I recently discovered Project Enye, a multi-platform media team committed to telling the stories of first generation Latinos with parents from Spanish speaking countries. Project Enye founder Denise Soler Cox aims to empower first-generation U.S. Latinos and raise awareness on issues surrounding Latino identity. One of her blog posts entitled “Am I Latina Enough?” addresses the inner conflict faced by Latinas as they become more Amercian culturally while struggling for acceptance in their local communities. Immigrant communities often are comprised of individuals belonging to different races, cultures and economic circumstances. On top of that, there are differences in terms of stages of assimilation — first, second, and third generation, citizen versus non-citizen, ability to speak different languages (or not). What might superficially appear to be a cohesive community can easily transform into a divided one when various schisms come into play. As an individual, one can be left feeling alone, isolated and disenfranchised. As a group, particularly politically, such divisions are easily manipulated to the advantage of large-scale interests and worse. The saying “united we stand” and its companion phrase “divided we fall” has never had more immediacy than in the current political climate. Project Enye has made it its mission to identify and explore the often elusive issues surrounding Latino identity. What does it mean to be a Latina, to be of Latin descent, to be an American? And where is the line drawn (if there is one) between being entirely American versus a member of the Latin community. While one should never pass judgement theoretically, in practice nearly everyone does. It may be as simple as identifying a surname as Spanish or forming an opinion based upon someone’s outward appearance. Defining identity as an individual is challenging enough yet it may feel insurmountable when one has no one else to identify with. Such conflicts coupled with rejection from the very same individuals you were lead to believe were similar to yourself can lead to confusion and reduced self-esteem and self-worth. In truth, no should be placed in a position where they feel disrespected or worthless, but that’s exactly what can happen with unfair treatment. Which is why there needs to be increased awareness regarding these issues. What makes us American? What is enough? Is it citizenship? No, because individuals with full citizenship still experience discrimination and alienation. Is it maintaining your identity through separation and refusal to assimilate? No, because you’ll never be able to fully access and enjoy being a citizen. Perhaps compromise exists somewhere in-between. Only time will tell but the future depends upon understanding and overcoming such challenges. Project Enye is a valuable resource aimed at ending the shame associated with a feeling of “not belonging” and giving such individuals their own voice. By raising awareness, we can identify and resolve identity issues and develop into successful whole individuals comfortable in being who they are, no apologies.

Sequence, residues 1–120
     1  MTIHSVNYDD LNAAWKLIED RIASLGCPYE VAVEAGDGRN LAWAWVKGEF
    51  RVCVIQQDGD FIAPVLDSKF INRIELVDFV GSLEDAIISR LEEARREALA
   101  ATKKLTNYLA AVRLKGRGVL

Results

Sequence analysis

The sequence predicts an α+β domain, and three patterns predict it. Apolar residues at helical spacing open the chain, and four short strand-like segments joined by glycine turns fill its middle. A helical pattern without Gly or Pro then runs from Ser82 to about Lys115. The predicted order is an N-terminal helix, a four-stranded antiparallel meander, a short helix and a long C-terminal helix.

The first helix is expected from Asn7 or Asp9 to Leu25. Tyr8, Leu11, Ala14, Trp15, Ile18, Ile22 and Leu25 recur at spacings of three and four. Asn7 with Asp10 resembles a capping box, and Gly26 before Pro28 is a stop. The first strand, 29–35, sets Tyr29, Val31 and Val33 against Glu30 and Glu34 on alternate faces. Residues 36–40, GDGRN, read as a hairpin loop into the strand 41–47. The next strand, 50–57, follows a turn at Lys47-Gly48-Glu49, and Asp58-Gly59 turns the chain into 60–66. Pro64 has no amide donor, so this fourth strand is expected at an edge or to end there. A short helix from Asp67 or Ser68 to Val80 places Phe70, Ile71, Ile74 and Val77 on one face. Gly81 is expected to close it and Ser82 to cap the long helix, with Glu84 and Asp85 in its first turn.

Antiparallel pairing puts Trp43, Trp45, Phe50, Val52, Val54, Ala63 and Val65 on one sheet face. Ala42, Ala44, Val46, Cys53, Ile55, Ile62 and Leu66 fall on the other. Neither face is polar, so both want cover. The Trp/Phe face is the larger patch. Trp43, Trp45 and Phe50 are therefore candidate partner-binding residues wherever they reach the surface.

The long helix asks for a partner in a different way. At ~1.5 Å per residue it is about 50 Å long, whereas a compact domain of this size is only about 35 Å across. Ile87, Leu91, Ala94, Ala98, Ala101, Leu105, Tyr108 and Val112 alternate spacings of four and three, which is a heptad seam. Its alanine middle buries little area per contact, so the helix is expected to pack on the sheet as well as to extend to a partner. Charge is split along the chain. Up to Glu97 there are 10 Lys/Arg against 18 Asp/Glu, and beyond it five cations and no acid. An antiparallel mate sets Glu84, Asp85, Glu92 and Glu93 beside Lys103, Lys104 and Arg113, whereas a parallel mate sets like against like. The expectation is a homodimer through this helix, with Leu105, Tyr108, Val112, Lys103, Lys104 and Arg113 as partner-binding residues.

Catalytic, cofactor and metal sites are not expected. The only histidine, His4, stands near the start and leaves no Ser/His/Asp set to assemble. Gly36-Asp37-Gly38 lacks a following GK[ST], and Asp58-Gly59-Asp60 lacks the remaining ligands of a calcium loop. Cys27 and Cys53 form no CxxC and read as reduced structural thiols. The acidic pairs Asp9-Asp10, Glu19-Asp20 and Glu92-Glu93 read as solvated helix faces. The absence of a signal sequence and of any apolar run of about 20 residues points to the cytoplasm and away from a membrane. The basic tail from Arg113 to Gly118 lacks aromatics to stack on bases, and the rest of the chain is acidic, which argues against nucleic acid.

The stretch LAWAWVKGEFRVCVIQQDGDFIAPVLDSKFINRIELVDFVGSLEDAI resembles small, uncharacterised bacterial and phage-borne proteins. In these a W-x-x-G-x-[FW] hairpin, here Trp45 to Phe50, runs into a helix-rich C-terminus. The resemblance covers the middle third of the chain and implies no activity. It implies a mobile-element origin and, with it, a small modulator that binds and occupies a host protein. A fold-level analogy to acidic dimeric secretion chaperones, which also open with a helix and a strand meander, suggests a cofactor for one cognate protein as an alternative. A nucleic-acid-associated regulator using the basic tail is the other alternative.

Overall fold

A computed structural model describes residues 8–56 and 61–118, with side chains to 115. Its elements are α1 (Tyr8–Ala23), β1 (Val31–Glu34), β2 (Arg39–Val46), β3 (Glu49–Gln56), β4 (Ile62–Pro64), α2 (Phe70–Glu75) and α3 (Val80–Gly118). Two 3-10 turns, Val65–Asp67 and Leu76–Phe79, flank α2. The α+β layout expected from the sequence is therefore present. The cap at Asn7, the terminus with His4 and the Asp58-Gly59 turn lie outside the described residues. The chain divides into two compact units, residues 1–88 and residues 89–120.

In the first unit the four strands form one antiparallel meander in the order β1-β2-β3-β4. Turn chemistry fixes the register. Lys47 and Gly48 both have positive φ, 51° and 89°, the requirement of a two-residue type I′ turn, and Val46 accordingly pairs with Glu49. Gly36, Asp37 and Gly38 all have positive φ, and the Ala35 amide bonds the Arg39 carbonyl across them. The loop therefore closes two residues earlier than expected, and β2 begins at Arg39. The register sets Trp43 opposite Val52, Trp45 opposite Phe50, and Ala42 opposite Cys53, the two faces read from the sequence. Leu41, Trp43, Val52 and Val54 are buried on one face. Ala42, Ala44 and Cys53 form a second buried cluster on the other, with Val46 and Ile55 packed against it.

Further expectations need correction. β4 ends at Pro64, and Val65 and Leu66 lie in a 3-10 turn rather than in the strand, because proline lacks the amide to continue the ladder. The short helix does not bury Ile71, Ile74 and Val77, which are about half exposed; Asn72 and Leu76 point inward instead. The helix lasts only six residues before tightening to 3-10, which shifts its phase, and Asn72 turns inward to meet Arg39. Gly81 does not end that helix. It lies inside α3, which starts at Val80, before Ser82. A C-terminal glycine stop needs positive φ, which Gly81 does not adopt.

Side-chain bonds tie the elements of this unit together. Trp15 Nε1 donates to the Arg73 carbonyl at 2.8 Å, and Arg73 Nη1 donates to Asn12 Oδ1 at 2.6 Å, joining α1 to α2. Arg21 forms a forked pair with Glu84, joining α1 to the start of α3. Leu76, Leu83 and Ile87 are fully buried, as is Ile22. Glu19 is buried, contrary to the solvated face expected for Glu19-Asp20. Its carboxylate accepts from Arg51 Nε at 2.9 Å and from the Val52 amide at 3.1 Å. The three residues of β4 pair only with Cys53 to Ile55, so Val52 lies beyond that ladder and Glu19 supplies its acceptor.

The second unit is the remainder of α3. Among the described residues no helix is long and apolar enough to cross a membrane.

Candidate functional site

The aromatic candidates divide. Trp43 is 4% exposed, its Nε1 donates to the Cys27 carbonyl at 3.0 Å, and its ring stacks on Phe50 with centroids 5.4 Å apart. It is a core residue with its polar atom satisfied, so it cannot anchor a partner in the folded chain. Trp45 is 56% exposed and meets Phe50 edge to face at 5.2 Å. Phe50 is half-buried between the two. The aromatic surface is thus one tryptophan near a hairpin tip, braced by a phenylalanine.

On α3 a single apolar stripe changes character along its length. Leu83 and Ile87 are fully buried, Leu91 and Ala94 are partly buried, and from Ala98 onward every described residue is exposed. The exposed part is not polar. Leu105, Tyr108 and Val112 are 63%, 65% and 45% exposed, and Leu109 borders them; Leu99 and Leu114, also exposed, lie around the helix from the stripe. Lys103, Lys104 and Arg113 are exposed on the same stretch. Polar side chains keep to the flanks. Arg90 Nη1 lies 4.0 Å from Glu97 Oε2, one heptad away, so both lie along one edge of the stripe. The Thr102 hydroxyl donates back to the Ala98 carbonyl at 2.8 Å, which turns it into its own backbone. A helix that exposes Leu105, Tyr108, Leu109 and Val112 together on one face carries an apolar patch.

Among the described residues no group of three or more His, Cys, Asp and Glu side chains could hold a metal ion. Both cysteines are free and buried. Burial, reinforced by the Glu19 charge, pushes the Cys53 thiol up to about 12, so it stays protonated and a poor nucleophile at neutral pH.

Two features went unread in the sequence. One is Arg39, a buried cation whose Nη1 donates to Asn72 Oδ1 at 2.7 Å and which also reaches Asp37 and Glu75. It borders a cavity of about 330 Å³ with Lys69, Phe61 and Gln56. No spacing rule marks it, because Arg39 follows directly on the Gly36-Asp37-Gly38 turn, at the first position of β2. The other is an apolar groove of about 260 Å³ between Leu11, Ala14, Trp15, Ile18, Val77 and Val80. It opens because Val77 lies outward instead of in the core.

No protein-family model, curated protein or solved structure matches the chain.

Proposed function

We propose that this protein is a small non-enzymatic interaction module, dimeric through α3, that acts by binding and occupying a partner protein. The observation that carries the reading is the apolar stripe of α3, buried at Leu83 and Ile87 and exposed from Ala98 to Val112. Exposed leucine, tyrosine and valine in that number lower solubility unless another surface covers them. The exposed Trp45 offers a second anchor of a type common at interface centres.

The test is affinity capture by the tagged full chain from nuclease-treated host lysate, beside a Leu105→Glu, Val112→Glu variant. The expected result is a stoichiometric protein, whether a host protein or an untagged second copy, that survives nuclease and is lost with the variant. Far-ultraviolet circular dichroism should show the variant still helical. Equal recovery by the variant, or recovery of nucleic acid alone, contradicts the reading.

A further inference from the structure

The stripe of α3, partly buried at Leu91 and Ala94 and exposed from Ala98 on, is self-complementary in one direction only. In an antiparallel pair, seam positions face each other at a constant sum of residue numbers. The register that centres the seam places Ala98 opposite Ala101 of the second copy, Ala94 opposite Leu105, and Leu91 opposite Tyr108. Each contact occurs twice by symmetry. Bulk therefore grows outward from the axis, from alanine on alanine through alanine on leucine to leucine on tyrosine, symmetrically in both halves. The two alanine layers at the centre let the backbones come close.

More on Project Enye and “Am I Latina Enough” is available at their website Project Enye.com “Project Enye | Two Worlds One Voice” They also have an excellent You-Tube channel “committed to telling the stories of first generation Latinos who’s parents are from a Spanish speaking country otherwise known as ñ’s” along with several hashtags – #latinoenough #nenough #yourownenye and sections addressing LGBQT issues.